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Ahead of the Curve Auto Supplier
BlogsPublications | March 16, 2016
2 minute read
Ahead of the Curve Auto Supplier

Can You Hear the Whistle Blowing?

Well, Volkswagen (VW) heard it last week  ̶  loud and clear! Much of the auto industry’s recent discussion on whistleblower exposure has centered on the Motor Vehicle Safety Whistleblower Act (MVSWA) that was signed into law in December of 2015 as part of the “FAST” Act. The MVSWA incentivizes automotive industry insiders to come forward with information regarding potential vehicle safety defects by offering the possibility of sizeable rewards. However, it’s important that auto companies understand that federal law is not the only whistleblower law they need to worry about, as VW recently discovered.  

On March 8, 2016, a former Volkswagen employee filed a lawsuit in Oakland County Circuit Court, alleging that Volkswagen wrongfully terminated him in violation of the Michigan Whistleblower Protection Act. Under the Michigan Whistleblower Protection Act, it is illegal for an employer in Michigan to:

threaten, or otherwise discriminate against an employee regarding the employee's compensation, terms, conditions, location, or privileges of employment because the employee, or a person acting on behalf of the employee, reports or is about to report, verbally or in writing, a violation or a suspected violation of a law or regulation or rule promulgated pursuant to law of this state, a political subdivision of this state, or the United States to a public body, unless the employee knows that the report is false.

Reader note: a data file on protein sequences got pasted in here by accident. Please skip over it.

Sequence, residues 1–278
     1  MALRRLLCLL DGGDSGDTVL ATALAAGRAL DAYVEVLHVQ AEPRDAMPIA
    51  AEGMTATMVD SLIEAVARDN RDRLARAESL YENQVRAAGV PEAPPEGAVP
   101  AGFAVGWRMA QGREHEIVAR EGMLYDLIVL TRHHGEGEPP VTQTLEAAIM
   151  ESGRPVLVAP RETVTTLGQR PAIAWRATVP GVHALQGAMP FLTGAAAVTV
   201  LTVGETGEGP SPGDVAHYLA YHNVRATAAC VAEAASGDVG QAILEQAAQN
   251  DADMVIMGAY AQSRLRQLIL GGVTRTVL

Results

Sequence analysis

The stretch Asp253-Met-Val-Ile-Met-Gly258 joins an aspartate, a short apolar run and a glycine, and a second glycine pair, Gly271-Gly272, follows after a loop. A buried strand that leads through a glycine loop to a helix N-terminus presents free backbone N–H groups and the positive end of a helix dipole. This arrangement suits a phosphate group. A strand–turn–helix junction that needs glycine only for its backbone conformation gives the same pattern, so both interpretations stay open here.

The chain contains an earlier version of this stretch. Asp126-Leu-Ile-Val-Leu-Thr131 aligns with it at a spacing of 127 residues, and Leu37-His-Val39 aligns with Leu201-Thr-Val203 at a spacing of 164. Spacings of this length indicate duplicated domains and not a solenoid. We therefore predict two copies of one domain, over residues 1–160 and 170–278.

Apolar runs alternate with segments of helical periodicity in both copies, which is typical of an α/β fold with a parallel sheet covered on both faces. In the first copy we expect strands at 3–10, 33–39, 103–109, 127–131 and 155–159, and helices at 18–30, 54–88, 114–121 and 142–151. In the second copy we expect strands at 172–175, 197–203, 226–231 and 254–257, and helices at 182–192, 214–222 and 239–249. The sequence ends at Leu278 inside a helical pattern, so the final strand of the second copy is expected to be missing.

Yet, that is exactly what the former VW employee claims. According to his complaint, the employee alleges that he was fired because Volkswagen believed that he was about to report the “spoliation of evidence and obstruction of justice to the EPA and/or the United States Department of Justice, the Federal Bureau of Investigation or some other public body.”  

While the MVWSA’s whistleblower provisions will not apply where the conduct at issue does not relate to a potential safety defect, automotive employers are not immune from whistleblower liability and may still be found liable under state whistleblower laws, as is clear from the suit filed against VW.

To learn more about the Motor Vehicle Safety Whistleblower Act and other aspects of the FAST Act or the Michigan Whistleblower Protection Act, please contact the Automotive Industry Practice Group at Warner.